By Tom Chalmers, Managing Director at IPR License
This month we’re reporting on a session from our recent Global Rights Licensing: The Bigger Picture conference. This saw leading figures from a range of creative sectors highlight how they maximize licensing revenue and, the topic which will be the focal point of this article, a look at emerging markets for licensing, especially in regards to translation rights and piracy within these territories.
The panel at this particular session comprised of Emma House, Director of Publisher Relations at the Publishers Association; Lorella Belli of the Lorella Belli Literary Agency; Silvia Serra, Director of Rights, Licensing & Permissions at Wolters Kluwer and James Bennett, Head of Development at Copyright Licensing Agency.
When looking at the performance of translation rights, Emma House pointed out that Western Europe remains a key market for the majority of UK publishers. She also cited Latin America as an area which has experienced the largest increase in translation rights in recent times, highlighting Brazil as the major player. Key points being that it had a young population with growing levels of disposable income and its high profile due to the past and future major events such as the World Cup and the Olympics. She said: “These factors have helped create a big appetite for English language publishing and the presence of Amazon and Kobo are providing stronger routes to market. Whilst there are some amazing book shops, it’s a huge country which, in parts, has been poorly served but online retailers are making big strides to provide more content to a population with a real thirst for knowledge.”
Brazil Still Booming
Lorella Belli agreed that Brazil seems to be the most vibrant market for translation rights outside of Europe with advances going into six figures for the right books. And, staying within Latin America, she suggested that Mexico has possibly taken over from Argentina as the largest Spanish language market within this region.
She went on to say that; “Generally speaking, after several years of doom and gloom when talking to European publishers, we have now seen revenue from translation rights sharply increase over the last couple of years, in terms of both advances people are paying and the number of deals. The strongest market for translation rights continues to be Germany. This is in no small part due to long-term high readership levels, good infrastructure and that it remained a buying market even throughout the economic crisis of recent years, which was in stark contrast to other European countries, in particular Italy, Portugal, Spain and Greece. We have been selling a lot in Italy this year, but Holland is still difficult, and Poland probably not as strong as it used to be.”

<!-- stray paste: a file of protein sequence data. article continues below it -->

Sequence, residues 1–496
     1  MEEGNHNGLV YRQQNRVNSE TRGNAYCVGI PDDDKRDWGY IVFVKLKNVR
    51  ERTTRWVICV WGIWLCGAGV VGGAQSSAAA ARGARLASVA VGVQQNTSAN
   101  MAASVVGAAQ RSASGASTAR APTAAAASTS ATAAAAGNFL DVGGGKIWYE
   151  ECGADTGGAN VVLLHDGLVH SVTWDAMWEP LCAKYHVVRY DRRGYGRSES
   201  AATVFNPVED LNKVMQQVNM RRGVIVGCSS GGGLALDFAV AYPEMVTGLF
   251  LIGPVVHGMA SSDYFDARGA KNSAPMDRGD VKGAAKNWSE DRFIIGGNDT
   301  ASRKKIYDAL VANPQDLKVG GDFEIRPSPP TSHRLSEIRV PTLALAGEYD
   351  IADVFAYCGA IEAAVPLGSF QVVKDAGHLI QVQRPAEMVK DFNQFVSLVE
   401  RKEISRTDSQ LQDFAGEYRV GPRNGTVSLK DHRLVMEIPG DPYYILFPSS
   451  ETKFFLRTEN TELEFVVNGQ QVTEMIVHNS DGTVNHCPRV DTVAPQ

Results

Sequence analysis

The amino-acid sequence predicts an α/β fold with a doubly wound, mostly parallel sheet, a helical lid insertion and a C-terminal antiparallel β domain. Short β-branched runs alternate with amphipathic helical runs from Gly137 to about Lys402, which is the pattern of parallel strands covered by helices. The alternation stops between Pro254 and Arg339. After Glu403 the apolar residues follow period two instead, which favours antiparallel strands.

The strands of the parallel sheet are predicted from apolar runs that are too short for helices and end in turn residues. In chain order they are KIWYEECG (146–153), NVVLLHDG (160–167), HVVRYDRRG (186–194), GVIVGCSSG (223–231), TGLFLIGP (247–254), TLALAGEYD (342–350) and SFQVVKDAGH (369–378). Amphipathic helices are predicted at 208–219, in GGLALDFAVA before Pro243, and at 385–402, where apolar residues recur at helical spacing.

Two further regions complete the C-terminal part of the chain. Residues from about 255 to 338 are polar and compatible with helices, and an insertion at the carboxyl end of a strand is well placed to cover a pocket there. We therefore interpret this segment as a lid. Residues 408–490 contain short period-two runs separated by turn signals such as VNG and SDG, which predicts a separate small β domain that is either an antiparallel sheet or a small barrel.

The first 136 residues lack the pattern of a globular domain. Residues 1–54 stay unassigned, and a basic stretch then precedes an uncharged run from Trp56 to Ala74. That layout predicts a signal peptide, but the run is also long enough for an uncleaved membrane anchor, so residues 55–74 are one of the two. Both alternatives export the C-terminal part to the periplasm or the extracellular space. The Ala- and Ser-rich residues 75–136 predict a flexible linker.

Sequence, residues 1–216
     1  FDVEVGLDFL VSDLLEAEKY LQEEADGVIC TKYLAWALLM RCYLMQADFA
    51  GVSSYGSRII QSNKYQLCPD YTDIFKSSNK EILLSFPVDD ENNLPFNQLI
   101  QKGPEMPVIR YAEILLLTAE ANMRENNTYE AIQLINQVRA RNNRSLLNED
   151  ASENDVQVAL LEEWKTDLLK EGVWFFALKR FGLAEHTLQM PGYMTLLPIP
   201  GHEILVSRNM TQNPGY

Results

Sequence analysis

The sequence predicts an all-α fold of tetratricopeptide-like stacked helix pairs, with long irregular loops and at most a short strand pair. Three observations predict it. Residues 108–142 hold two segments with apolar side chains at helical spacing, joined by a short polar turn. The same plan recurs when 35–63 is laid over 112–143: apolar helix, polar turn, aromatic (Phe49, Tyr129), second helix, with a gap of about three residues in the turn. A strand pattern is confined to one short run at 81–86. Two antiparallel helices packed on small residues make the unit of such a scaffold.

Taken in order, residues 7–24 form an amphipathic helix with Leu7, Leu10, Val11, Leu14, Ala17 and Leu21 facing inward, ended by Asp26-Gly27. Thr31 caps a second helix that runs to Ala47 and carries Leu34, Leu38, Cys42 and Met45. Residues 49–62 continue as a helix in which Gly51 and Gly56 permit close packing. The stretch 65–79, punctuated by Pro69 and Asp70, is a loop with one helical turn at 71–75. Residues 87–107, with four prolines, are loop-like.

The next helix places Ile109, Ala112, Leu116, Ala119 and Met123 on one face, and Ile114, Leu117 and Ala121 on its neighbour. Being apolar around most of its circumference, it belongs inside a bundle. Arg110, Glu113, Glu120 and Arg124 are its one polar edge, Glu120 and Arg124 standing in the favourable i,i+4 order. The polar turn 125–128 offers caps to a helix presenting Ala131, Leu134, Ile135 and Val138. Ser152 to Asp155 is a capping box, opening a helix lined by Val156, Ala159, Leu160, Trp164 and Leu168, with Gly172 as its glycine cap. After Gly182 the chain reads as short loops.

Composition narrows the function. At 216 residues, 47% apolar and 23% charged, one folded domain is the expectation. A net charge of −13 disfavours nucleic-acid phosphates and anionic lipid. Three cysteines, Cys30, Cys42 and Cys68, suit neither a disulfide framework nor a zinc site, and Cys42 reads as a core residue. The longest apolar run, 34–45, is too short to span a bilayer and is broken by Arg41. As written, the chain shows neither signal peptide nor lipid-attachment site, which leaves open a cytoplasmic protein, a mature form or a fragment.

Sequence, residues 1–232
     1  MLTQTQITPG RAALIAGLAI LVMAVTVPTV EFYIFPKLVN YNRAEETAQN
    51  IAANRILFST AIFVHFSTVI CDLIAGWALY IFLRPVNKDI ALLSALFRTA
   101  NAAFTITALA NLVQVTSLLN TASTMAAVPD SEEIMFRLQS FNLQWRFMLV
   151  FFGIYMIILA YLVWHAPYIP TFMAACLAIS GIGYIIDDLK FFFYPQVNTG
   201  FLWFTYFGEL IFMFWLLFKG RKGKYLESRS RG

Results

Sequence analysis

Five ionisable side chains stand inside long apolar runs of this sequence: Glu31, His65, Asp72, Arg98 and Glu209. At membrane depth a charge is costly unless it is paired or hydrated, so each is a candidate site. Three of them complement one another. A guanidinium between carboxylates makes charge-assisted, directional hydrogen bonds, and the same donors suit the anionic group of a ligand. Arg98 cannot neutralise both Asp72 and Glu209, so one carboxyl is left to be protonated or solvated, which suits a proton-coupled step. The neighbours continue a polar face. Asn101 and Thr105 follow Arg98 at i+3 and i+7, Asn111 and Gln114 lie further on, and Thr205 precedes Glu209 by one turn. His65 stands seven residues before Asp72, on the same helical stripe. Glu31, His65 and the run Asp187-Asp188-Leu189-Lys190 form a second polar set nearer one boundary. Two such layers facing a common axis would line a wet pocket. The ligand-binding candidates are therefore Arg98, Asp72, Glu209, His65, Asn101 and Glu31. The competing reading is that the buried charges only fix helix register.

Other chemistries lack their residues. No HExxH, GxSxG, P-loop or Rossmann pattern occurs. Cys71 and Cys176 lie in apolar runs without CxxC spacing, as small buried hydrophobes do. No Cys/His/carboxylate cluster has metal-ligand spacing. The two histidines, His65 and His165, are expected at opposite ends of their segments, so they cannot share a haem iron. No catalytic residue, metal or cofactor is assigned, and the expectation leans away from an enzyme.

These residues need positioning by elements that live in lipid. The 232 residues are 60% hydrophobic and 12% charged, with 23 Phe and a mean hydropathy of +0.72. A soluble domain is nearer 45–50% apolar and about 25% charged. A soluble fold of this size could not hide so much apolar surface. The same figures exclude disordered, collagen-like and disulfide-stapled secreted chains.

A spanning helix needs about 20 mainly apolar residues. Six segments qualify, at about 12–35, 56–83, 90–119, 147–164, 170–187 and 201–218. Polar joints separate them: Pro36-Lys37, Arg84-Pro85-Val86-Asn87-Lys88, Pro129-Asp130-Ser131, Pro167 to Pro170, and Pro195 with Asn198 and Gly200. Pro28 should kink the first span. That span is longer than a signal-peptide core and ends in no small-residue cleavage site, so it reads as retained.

She did indicate that activity levels for rights in translation had increased in the past year across much of Europe and emphasized the impact of current activity levels in Turkey which she described as “phenomenal” thanks to a young population that reads in vast quantities and is a “buzzing” market in which some 90% of her list was selling in this year.
Africa and Asian Markets to Watch
Further afield she highlighted Nigeria as a market to watch, even though the level of advances paid continued to be relatively modest, and the Arab world where so many new initiatives and trade events are facilitating selling rights there. Indonesia and above all China was another territory which she said was of growing interest and, although there were obvious restrictions and censorship to take into account, that business, history and self-help books as well as some romance continued to sell well.
Picking up on the Asian market, Silvia Serra suggested that: “Whilst journals remain very different to the book trade, China remains one of the most important countries when it comes to potential revenues for journals in translation. And this is thanks to a flourishing pharmaceutical industry.”
After China she said that the next biggest country for Wolters Klower in terms of revenue was Korea, again because of a healthy pharmaceutical industry. This was said to be closely followed by India.
However, she did stress the need to work in partnership with someone familiar with their individual market and the fact that the Chinese and Korean markets in particular were very bureaucratic and slow moving, requiring the aid of government collaboration. When turning her attention to Brazil she stated: “The journal translation market has been slow on the uptake in recent times, mainly due to the pharmaceutical companies ploughing their budgets into advertising for the aforementioned major events. As such Argentina continues to be the most profitable country for us within the South American market.”
In conclusion Lorella Belli summed it up by saying: “The important thing to remember when licensing overseas is to make sure that the people you are selling your rights to are bona fide, that they have a good track record and there are measures in place so if something does go wrong then they can take action. Piracy does still happen in China but ironically no democracy also means that they have one of the most robust systems.”